OKTA Collectiveʼs second event, human-plant-glitch, featured films by Alisi Telengut, Dovile Aleksaite, and Evan Meaney, with a Q&A moderated by Lucy Kerr.
March 7th, 8pm CET, 11am PST, 2pm EST.
The Fourfold, video, 7 min, 2020
Other Talking, video, 5 min, 2019
Beneath The Pressure of The Sky, hacked video files, 10 min, 2008
The Fourfold, Other Talking, and Beneath The Pressure of The Sky explore various approaches to the animated, enchanted nonhuman – one in which we are in a multifold relationship with, always affecting and affected by, transforming collectively – sympoetically, Through mesmerizing experimental techniques, the films render objects, environments, living entities, and technologies as active agents with whom we share a larger system.
Alisi Telengutʼs work The Fourfold, based on the ancient animistic beliefs and shamanic rituals in Mongolia and Siberia, explores the indigenous worldview and wisdom. With hand-crafted imagery, it is a testament of reclaiming animism for environmental ethics and non-human materialities. The idea of animism as the pre-modern other is the most radical antithesis to the dualistic perspectives (the raptures and the consequent purifications of nature and culture, self and other, us and them) and anthropocentrism of modernity. The animistic idea is the worldview that “the world is full of persons, only some of whom are human, that life is always lived in relationship with others” (Graham Harvey).
In Dovile Aleksaiteʼs work, Other Talking, Aleksaite creates a point of view from an enchanted other from the future, whose identity and wishes are hard to grasp, raising the questions of who is me, we, you in relation with other entities in the world. This other type of intelligence – one that is symbiotic and multifold – breaks ideologies of dualism (man and nature, mind and body) that pervade Western society and render the natural world a resource to control. It is a narration about people and nature correlation, climate change, coexistence with the other, refusal of anthropocentric thought, and a wish to live longer.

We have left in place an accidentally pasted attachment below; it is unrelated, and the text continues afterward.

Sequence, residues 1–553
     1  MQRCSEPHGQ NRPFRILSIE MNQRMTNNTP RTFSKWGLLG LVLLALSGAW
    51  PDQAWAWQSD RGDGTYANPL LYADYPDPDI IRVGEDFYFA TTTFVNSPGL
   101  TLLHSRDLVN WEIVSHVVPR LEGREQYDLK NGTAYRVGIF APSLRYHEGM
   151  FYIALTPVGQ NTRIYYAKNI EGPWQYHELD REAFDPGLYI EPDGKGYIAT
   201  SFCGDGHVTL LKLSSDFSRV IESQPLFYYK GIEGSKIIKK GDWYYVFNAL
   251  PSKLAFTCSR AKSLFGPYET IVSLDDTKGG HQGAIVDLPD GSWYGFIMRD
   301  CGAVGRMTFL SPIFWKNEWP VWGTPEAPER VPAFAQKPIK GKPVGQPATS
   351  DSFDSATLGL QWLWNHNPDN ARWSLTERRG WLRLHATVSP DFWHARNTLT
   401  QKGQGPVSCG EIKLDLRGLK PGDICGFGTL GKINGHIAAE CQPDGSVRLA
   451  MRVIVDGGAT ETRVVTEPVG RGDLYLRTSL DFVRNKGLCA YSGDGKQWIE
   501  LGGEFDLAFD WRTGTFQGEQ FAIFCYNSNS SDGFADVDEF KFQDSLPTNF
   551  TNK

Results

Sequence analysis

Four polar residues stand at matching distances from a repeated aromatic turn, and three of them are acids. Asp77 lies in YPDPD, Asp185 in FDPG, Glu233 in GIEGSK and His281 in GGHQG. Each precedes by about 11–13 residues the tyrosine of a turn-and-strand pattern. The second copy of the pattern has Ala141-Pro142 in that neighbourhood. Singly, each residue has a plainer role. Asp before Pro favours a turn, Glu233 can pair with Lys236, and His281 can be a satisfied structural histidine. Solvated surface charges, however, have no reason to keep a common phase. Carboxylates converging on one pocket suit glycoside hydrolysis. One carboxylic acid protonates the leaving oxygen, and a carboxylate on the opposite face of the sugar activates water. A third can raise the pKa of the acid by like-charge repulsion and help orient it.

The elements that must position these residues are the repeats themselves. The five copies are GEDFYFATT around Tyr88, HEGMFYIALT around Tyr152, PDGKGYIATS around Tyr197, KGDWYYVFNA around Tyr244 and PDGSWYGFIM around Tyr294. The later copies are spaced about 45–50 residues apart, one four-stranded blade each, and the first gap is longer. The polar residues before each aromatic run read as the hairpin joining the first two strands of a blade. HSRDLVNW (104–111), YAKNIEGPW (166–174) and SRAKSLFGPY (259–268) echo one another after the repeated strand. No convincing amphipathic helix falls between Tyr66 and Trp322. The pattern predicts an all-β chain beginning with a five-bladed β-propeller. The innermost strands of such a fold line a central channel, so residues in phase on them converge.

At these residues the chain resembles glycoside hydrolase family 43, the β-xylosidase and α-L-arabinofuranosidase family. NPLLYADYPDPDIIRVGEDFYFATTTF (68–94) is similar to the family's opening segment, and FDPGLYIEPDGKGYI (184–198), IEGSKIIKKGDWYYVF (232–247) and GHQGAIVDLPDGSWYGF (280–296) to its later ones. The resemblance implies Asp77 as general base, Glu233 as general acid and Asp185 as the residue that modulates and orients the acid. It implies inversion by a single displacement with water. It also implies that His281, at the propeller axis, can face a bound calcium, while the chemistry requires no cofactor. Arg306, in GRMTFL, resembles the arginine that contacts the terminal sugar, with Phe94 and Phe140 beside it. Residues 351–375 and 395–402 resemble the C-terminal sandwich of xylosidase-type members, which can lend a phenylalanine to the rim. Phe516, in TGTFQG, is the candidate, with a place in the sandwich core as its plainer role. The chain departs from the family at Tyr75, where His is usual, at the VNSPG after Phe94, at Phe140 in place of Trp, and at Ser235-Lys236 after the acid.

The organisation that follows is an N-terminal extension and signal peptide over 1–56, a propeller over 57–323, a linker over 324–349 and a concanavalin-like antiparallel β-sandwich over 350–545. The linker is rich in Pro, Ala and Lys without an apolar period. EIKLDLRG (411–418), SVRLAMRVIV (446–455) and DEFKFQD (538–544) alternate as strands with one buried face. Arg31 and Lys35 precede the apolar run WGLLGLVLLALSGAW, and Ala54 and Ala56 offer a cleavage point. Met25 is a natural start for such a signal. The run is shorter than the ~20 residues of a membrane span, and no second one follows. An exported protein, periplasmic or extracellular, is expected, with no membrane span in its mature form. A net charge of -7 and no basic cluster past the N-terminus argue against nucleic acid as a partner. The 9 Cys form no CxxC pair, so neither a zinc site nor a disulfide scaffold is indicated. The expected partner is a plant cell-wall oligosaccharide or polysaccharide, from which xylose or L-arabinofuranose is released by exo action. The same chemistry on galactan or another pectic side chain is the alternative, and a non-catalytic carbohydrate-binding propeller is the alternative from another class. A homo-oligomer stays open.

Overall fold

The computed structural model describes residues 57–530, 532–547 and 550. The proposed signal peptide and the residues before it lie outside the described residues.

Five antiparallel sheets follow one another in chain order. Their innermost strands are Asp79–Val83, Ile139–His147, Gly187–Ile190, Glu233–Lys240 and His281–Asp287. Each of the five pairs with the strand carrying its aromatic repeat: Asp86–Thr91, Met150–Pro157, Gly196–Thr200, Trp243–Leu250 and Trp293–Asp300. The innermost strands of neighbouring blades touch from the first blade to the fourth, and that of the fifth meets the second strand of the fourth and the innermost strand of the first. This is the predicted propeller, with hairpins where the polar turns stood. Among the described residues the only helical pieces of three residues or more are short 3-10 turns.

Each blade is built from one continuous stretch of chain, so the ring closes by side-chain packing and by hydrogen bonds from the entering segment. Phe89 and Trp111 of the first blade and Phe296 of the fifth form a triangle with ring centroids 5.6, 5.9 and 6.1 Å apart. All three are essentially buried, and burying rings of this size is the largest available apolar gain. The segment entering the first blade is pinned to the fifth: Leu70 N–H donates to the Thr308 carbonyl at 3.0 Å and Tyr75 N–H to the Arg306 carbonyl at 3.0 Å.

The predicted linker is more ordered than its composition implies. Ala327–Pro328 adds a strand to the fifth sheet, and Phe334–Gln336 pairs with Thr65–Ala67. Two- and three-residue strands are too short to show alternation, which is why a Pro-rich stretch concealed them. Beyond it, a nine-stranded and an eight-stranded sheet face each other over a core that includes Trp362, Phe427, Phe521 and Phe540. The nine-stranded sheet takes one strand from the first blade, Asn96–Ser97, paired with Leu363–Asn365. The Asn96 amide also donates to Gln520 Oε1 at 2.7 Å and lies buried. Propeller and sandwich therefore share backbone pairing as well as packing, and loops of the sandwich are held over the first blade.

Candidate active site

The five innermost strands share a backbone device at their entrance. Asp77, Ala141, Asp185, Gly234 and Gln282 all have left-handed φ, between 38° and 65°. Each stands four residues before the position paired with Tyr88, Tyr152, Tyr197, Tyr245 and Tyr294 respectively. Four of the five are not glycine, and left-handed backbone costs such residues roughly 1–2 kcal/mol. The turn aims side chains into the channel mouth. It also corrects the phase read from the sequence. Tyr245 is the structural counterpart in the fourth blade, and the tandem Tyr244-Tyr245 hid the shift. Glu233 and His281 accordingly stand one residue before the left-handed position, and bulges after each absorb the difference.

Meaneyʼs work, Beneath The Pressure Of The Sky, elicits its own alien, yet familiar, presence that has emerged from a network of surveillance into a robust technological subjectivity. The film is composed of impressionistically shifting images of the sky – hacked video files from airports – conjuring liminality within an infrastructure that prides itself on exactitude and unforgiveness.
Aleksaiteʼs pirouetting outer space imagery, Telengutʼs painterly images of clouds integrating and disintegrating, and Meaneyʼs glitching sky fall together and apart surveilled by the infrastructures that exploit it, reminds us of what Okta means. Okta, in meteorology, is a unit used to measure cloud cover, equivalent to a cloud cover of one-eighth of the sky. This raises the question of the objectification of nature and sparks our conversation regarding how the unquantifiable has attempted to be evaluated and reimagined.